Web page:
Three congressional Democrats sent a letter on Tuesday to Speaker John Boehner (R-Ohio) urging him to let the House vote on legislation to reauthorize the Export-Import Bank before its charter expires in September.
Sens. Patty Murray and Maria Cantwell along with Rep. Denny Heck, all from Washington state, said “there is no good reason to delay the reauthorization of Ex-Im, and we encourage you to work with your colleagues and move your chamber toward reauthorizing this successful public-private partnership.”
In 2012, the last time the bank was reauthorized, the Senate passed the bill on a 78-20 vote while the House voted 330-93.
“Members of Congress have no excuse to reverse their previous support for the bank, and we are confident that reauthorization would pass the House once again with strong bipartisan support,” they wrote.
They argued that the reauthorization, which is caught up in a web of bipartisan bickering, is important for jobs not only in their state but across the country.
“The continuation of Ex-Im is not a political issue, it is a jobs issue,” they wrote.
Washington is home to Boeing, which the largest beneficiary of the bank’s lending help to sell its jets across the globe, a company that is at the heart r of the dispute over continuing the bank's funding.
“Companies selling goods from airplanes to wood products to lentils (and more) benefitted from Ex-Im programs in the past year, and we consistently hear from our constituents, particularly small business owners, of the value Ex-Im provides to their companies as an important export finance tool to help grow their businesses,” they wrote.
Leading opponents denounce Ex-Im as “corporate welfare.”
So far, Boehner has refused to steer the debate or put his weight behind another reauthorization. Instead, he has argued that the legislation needs to run through the committee process.
While some House Republicans are preparing to offer a bill with reforms to the bank, it remains unclear as to whether House Financial Services Committee Chairman Jeb Hensarling (R-Texas), who strongly opposes the bank, would consider legislation.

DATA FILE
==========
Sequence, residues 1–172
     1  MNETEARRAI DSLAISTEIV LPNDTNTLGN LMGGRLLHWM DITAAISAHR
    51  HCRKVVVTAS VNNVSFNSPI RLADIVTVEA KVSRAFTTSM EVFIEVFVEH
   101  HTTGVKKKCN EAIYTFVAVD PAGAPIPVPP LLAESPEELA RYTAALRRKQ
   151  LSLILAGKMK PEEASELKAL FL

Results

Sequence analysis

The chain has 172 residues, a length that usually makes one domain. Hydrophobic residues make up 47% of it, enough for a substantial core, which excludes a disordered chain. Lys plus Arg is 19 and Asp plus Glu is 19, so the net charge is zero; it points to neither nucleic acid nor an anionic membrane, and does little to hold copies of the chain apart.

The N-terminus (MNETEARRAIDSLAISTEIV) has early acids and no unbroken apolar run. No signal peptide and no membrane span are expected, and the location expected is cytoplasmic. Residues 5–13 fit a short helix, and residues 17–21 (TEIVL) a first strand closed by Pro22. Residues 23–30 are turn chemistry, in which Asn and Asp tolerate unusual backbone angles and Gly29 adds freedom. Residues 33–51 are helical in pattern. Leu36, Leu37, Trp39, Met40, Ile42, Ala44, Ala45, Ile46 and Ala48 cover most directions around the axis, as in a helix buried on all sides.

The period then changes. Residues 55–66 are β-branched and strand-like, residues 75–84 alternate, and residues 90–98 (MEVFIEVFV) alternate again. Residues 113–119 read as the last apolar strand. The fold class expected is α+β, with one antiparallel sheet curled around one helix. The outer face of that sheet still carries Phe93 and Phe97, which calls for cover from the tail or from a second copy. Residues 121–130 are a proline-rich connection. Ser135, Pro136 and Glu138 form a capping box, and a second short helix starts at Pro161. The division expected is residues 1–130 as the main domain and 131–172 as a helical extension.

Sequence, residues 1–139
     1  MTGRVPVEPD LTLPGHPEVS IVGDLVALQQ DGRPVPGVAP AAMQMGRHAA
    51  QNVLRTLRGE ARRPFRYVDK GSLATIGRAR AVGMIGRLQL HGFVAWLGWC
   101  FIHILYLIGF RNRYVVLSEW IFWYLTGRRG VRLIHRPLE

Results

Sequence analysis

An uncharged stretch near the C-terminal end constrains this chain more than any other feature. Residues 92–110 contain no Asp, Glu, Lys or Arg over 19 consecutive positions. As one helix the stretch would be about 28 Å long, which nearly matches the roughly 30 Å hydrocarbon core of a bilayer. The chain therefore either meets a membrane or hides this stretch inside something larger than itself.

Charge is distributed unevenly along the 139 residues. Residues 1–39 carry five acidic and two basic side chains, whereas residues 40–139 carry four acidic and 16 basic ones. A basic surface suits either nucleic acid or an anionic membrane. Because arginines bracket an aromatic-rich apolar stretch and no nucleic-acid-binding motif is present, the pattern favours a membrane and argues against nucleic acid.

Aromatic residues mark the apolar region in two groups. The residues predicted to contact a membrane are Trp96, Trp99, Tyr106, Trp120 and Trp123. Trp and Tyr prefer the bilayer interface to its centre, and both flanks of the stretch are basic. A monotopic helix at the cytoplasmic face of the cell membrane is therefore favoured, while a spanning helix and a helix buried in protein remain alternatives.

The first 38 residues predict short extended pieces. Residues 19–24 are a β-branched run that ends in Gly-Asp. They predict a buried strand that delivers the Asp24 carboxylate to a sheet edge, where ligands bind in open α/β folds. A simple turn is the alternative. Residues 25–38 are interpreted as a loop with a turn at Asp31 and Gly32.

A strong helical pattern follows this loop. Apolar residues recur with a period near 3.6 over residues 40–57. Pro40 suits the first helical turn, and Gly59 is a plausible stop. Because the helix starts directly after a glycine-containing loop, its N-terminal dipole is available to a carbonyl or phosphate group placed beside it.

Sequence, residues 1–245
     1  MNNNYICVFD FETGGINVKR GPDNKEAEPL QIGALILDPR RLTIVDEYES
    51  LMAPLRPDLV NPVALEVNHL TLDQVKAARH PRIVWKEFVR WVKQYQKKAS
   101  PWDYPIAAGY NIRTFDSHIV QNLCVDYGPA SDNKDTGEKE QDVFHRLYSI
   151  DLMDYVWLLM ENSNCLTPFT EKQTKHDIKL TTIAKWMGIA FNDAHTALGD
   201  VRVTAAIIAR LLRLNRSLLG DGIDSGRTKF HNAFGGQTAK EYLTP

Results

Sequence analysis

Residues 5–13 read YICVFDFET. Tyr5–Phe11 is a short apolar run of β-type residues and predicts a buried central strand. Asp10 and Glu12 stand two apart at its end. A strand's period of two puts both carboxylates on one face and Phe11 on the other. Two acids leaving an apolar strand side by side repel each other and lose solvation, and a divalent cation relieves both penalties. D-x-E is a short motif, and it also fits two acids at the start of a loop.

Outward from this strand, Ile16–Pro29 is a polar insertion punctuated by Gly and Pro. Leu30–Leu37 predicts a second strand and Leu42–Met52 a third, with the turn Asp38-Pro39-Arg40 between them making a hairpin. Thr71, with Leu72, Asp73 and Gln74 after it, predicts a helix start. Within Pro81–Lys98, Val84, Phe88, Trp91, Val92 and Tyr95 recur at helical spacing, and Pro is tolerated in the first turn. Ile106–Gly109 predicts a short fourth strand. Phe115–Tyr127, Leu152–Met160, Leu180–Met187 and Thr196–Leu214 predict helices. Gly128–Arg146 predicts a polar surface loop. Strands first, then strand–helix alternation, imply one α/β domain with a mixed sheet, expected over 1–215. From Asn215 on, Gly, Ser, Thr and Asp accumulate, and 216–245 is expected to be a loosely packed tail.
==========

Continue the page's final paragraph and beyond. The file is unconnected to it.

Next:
Without congressional action, the bank’s charter will expire Sept. 30 and the agency will be unable to make new loans.
Sens. Joe ManchinJoe ManchinMcConnell: Spending bill will include miners' pension fix Could bipartisanship rise with Trump government? Overnight Finance: Trump adviser softens tone on NAFTA | Funding bill to be released Tuesday | GOP leader won't back Trump tariff plan MORE (D-W.Va.) and Mark KirkMark KirkJuan Williams: McConnell won big by blocking Obama Battle for the Senate: Top of ticket dominates The untold stories of the 2016 battle for the Senate MORE (R-Ill.) are expected, possibly this week, to unveil legislation that would reauthorize the bank.
Democratic leaders have suggested it could reach the floor quickly.
In the letter, the lawmakers argue that trade is critically important to the continued growth to the nation’s economy, not just to their state but to Boehner's home.
They said that 114 companies in Boehner’s home state were helped by from Ex-Im financing last year, including 98 small businesses.
Overall last year, U.S. exports hit $2.3 trillion, with Washington exporting a record-breaking $81.9 billion in goods and services, which they said is a result of Ex-Im support.
In Washington, Ex-Im supported 84 companies, including 64 small businesses.
“An agency that reduces the deficit, supports a level international playing field for U.S. companies, and supports hundreds of thousands of jobs across the country is an agency that deserves robust support from Congress,” they wrote.
They reiterated that Ex-Im helped 3,413 small businesses that led to $37.4 billion in exports and supported 205,000 export-related jobs.
“Failure to reauthorize the bank would place American companies at a serious disadvantage to international businesses, particularly those with access to the 60 official export credit agencies worldwide not in danger of closing,” they wrote.
“By not reauthorizing the bank, you will unnecessarily put American jobs at risk at a time when the focus should be on ways to continue to grow the economy.”